The WHO’s highly anticipated recommendations about cannabis’s international scheduling were expected on Friday.
The World Health Organization (WHO) has surprisingly postponed its highly anticipated recommendations about the international legal status of marijuana. The results of the organization’s cannabis assessment were expected to arrive last Friday, but on the morning of a representative announced that they would be delayed.
The recommendations were set to be announced on Friday at the Commission on Narcotic Drugs (CND) 61st reconvened session in Vienna. WHO’s spokesperson gave recommendations about several other substances in the presentation, but when it came to cannabis they said the organization needed more time to complete the evaluation process.
The announcement came as a surprise twist to cannabis advocates, who anticipated that WHO would make a call to deschedule the plant so that member countries of the United Nations could legalize it.
The WHO Expert Committee on Drug Dependence (ECDD) held meetings in June and November dedicated to pre-review and review of cannabis and cannabis-related substances. The conclusions of those reports were positive, prompting many to assume the committee would recommend that cannabis be rescheduled.
The U.N. and Cannabis
The UN currently classifies cannabis as a Schedule I substance, the strictest category in the Single Convention on Narcotic Drugs of 1961 and the Convention on Psychotropic Substances of 1971.
As such, under existing U.N. treaties, member countries can only allow its use for medical and scientific purposes under strict controls. Canada and Uruguay, member countries who have legalized recreational marijuana, are in violation of those treaties.
The ECDD’s final recommendation to the CND will likely influence whether the body removes cannabis from international treaties banning them, or gives it a lower priority.
Such a move would have a quick effect on the global cannabis industry. If WHO were to revise the U.N. drug treaties to reclassify cannabis, it would open the door for other countries – including the U.S. federal government – to make changes to their own cannabis policies.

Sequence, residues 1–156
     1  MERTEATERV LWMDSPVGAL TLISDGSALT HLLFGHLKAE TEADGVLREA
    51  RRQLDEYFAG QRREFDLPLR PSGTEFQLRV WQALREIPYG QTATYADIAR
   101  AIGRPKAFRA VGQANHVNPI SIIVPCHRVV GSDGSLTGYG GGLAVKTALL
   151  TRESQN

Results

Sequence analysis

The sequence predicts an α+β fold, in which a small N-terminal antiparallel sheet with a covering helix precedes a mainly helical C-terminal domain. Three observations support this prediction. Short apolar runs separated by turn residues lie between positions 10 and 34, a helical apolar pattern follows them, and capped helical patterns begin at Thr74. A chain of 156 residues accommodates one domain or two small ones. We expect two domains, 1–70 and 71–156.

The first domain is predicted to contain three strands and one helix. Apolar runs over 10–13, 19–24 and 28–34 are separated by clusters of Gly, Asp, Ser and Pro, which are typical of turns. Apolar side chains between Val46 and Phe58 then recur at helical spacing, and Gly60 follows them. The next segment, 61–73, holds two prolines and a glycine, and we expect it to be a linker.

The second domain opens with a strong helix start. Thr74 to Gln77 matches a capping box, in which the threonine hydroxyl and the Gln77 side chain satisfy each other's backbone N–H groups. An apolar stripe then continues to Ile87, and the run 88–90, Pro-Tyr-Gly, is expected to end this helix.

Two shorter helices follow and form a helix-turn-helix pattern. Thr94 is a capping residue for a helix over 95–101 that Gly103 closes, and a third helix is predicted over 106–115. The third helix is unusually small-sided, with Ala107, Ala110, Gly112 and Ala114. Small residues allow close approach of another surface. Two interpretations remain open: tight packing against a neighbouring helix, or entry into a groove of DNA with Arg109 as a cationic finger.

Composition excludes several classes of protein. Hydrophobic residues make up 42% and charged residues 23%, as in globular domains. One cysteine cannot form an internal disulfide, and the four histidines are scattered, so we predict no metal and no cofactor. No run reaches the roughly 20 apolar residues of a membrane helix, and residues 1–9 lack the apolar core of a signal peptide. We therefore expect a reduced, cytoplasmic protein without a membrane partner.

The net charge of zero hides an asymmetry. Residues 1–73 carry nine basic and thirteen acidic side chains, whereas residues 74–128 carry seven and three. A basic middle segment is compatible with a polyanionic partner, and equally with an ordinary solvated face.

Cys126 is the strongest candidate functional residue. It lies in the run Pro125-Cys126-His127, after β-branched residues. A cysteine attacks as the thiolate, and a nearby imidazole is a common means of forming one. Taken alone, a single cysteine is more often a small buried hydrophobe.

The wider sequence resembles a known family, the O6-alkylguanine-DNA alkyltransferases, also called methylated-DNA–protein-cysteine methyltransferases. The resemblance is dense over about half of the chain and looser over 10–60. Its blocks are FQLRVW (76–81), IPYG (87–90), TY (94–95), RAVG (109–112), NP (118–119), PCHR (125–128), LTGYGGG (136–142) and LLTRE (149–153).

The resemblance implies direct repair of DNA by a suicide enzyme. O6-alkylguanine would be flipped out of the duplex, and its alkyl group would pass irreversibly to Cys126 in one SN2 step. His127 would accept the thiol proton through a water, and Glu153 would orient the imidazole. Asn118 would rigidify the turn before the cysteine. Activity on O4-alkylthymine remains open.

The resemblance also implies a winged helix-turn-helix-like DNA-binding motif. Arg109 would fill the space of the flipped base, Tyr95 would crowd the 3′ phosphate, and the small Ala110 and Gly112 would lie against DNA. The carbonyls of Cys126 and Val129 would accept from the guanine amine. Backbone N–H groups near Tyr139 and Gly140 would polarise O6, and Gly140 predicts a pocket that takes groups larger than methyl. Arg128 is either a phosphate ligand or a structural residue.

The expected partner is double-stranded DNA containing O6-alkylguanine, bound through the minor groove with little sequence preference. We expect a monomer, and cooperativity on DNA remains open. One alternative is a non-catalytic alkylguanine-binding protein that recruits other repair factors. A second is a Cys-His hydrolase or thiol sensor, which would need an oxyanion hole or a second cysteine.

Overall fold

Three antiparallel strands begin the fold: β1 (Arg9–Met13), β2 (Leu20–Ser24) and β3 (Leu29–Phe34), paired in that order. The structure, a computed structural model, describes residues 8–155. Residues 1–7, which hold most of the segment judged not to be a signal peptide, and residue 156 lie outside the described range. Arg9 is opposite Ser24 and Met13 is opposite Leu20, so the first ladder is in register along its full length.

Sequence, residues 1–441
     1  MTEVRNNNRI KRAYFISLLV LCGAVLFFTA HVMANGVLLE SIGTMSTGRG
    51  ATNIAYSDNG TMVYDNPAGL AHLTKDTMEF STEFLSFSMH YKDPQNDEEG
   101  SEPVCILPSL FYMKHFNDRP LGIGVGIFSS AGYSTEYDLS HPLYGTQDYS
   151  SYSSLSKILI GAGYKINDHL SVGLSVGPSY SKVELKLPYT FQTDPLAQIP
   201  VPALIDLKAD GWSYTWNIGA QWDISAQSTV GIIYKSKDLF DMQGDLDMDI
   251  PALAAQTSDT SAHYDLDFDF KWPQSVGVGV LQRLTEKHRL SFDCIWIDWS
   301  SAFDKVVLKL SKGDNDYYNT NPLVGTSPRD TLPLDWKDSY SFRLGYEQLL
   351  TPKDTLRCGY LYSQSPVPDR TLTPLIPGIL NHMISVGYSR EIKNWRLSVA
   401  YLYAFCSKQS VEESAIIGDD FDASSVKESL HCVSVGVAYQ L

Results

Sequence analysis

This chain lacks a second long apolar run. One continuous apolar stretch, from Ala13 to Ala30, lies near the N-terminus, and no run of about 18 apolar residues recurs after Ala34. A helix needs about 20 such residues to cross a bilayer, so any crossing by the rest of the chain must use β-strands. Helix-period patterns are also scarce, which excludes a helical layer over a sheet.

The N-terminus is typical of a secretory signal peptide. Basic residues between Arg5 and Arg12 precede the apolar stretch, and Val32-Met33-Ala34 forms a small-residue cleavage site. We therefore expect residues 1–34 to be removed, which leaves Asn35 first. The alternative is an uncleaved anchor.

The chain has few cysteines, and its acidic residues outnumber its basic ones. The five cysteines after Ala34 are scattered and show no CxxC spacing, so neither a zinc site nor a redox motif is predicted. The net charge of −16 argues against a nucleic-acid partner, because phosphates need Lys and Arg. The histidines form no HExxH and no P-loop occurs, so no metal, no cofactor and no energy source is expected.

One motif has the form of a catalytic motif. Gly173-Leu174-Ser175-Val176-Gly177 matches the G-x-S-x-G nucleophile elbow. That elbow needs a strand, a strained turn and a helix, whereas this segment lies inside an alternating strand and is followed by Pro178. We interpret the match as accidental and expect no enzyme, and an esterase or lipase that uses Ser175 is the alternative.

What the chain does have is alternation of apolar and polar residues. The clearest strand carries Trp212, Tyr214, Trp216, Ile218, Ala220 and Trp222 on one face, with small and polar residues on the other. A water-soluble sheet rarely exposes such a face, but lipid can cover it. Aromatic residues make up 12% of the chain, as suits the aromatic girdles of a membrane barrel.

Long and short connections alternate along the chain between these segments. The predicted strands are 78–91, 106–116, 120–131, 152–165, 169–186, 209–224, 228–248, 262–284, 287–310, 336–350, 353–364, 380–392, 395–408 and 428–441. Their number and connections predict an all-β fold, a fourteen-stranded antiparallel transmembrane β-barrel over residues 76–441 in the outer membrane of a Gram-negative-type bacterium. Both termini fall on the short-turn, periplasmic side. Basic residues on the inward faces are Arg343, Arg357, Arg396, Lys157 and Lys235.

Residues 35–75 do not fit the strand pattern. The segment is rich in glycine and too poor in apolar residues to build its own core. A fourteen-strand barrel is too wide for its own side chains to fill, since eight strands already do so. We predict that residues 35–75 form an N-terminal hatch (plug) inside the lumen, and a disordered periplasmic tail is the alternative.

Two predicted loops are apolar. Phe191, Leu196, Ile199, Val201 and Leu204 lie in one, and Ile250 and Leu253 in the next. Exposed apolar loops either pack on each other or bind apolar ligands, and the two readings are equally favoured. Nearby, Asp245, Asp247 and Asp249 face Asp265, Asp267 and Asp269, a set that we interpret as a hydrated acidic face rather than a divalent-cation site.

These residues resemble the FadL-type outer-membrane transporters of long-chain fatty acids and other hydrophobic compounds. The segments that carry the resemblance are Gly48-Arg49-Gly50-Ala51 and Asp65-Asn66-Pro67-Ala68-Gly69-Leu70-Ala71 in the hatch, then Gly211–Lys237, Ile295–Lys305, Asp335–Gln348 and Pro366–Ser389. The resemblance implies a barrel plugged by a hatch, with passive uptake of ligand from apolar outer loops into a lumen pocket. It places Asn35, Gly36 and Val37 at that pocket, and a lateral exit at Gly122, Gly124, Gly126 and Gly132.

Reasons for the Postponement
The WHO committee’s reason for temporarily withholding its marijuana scheduling recommendation is that it needed more time “for clearance reasons,” according to the International Drug Policy Consortium.
Many cannabis advocates, however, believed other reasons were at play.
“This decision to withhold the results of the critical review of cannabis appears to be politically motivated,” said Michael Krawitz, Executive Director of non-profit group Veterans for Medical Cannabis.
“The WHO has been answering many questions about cannabis legalization, which is not within their mandate. I hope the WHO shows courage and stands behind their work on cannabis, findings we expect to be positive upon recent WHO statements and their other actions today.”
The @WHO‘s Expert Committee on Drug Dependence met in November to discuss the scheduling of cannabis and related/other substances.
— IDPC (@IDPCnet) December 7, 2018
Juan Fernandez of the London-based International Drug Policy Consortium told Global News that he believes conservative countries are purposely blocking the anticipated descheduling of cannabis.
“Ever since Canada enacted its legal regulation of cannabis, there has been a lot of pushback from traditionally reactionary countries at CND – Russia, China, Pakistan, Egypt, Singapore – against any move to confer any legitimacy on cannabis.”
“We’re quite perplexed because this suggests that there was intervention from the highest levels, either from the WHO or somewhere else to postpone the recommendations,” he added.
The WHO representative didn’t provide a new date for the release, but the committee’s recommendation for cannabis’s international scheduling is still expected to go up for a vote in the CND in March.